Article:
Luckett, T, Phillips, J, Johnson, MJ, Farquhar, M, Swan, F, Assen, T, Bhattarai, P & Booth, S 2017, 'Contributions of a hand-held fan to self-management of chronic breathlessness.', The European Respiratory Journal, vol. 50, no. 2, pp. 1-10.View/Download from: UTS OPUS or Publisher's site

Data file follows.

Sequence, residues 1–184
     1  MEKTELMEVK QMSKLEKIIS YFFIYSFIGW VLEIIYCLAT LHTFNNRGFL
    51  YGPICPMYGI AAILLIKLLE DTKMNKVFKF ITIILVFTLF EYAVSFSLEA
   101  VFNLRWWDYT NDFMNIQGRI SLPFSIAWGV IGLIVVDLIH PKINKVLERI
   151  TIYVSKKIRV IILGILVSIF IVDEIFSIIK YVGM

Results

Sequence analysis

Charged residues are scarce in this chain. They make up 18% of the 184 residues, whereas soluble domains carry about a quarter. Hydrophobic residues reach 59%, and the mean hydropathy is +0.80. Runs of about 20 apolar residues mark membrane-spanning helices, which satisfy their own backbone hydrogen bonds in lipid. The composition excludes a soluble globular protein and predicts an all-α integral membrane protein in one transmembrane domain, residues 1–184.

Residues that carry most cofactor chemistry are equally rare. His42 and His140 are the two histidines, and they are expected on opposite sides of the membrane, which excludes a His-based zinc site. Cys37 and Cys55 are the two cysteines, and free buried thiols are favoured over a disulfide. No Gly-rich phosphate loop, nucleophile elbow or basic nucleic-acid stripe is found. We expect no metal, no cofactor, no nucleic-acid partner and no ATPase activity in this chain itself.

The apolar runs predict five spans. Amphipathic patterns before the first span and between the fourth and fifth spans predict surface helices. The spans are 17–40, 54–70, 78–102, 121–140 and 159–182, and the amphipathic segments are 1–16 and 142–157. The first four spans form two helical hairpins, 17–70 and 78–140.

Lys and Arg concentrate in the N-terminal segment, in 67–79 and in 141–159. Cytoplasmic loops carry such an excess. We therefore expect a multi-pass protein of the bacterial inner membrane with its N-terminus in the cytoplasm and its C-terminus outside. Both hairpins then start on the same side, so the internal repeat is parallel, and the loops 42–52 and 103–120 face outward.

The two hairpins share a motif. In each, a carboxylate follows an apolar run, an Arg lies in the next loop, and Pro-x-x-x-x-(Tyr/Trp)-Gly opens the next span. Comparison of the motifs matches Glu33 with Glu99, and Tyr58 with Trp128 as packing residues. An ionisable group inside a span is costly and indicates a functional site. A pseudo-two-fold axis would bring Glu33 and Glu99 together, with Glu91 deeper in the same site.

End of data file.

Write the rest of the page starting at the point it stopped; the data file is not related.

This study explored the benefits of a hand-held fan as perceived by patients with chronic breathlessness and their carers.A secondary multimethod analysis was conducted of interview data collected in three clinical trials. Two researchers independently coded level of benefit qualitatively reported by each patient. Univariate and multivariate statistics were used to explore perceived benefit as a factor of sex, age and diagnosis. Qualitative analysis used an integrative method.133 patients commented on the fan, of whom 72 had a carer. Diagnoses included nonmalignant (n=91, 68.4%) and malignant (n=21, 15.8%) conditions. Of 111 patients who provided codable data, four (3.6%) perceived no benefit, 16 (14.4%) were uncertain, 80 (72.0%) perceived some benefit and 11 (10.0%) perceived very substantial benefit. Multivariate analysis was inconclusive. Benefit was described in terms of shorter recovery time, especially after activity. 10 (7.5%) patients said the fan reduced their need for home oxygen or inhaled β-agonist medications. Negative perceptions of a few included dislike of the cooling sensation and embarrassment in public.Findings suggest that a hand-held fan is a portable intervention with few disadvantages from which most patients with chronic breathlessness will derive benefit alongside other nonpharmacological and pharmacological strategies. Research is needed to optimise guidance on fan administration.